Source link The United Kingdom economy is set to suffer its worst year since the financial crash of 2008, with a recent report by the Office of Budget Responsibility warning that economic growth will contract this year by 11 percent. This means that the UK is the only major advanced economy expected to experience contraction in 2021.
With the coronavirus pandemic resulting in the strict lockdown restrictions meant to try and contain the spread of infection, the British economy has been hit hard by closure of shops, restaurants and hospitality businesses. Moreover, the government’s spending plans to support businesses and individuals have eaten into the public sector’s coffers, resulting in an expected budget shortfall of 355 billion pounds. This is the equivalent of 16 percent of the nation’s annual economic output.
Although the Chancellor of the Exchequer, Rishi Sunak, presented a budget of 95 billion pounds on Wednesday, economists are of the view that this sum will not be enough to prop up the economy. This is buttressed by the findings of the Office for Budget Responsibility’s Fiscal Risks Report, which warns that the UK economy is vulnerable to downside risks that could deepen the prospects for long-term economic decline.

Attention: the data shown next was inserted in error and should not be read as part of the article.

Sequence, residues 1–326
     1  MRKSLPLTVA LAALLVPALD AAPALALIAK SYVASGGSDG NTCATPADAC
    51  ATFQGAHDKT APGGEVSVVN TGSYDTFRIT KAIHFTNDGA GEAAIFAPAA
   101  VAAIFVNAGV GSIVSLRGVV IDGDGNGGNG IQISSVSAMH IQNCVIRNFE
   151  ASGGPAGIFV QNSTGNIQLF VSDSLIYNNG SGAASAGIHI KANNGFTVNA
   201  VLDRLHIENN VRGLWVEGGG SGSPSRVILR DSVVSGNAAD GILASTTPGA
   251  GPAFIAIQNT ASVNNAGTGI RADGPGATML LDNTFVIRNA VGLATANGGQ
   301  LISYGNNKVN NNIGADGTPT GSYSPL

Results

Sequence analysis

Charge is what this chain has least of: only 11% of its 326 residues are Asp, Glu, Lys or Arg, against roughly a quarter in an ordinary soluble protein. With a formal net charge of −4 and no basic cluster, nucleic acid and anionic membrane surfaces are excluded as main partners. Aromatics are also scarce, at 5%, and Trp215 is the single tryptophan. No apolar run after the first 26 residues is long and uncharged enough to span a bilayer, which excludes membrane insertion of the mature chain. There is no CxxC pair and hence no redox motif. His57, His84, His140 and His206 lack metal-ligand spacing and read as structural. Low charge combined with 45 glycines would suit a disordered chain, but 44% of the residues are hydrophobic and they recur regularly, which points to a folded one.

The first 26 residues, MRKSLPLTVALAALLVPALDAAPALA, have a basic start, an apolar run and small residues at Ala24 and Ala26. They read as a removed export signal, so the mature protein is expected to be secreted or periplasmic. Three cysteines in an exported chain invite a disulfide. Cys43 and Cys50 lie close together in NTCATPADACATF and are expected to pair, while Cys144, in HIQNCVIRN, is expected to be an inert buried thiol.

Britain is not expected to escape the contraction until 2023, when the Office for Budget Responsibility predicts growth of 3.2 percent. This will still make the UK the only G7 nation to have experienced economic contraction in 2021, with economic performance of all other to have returned to pre-pandemic levels.
Therefore, while the British economy is forecasted to experience a sharp V-shaped recovery initially, fears remain that the longer-term risks may cause further contraction and hamper growth prospects in the coming years. In addition to this, the debt levels expected to be incurred by the government, which are projected to reach almost 100 percent of GDP by the end of this fiscal year, will also contribute to slower growth.
The government is entering a crucial period in which it must ensure that any fiscal support given is targeted and effective in propping up the economy and supporting vulnerable businesses, whilst not necessarily increasing the overall debt. Otherwise, the UK could face increased economic uncertainty and slower growth for some time to come.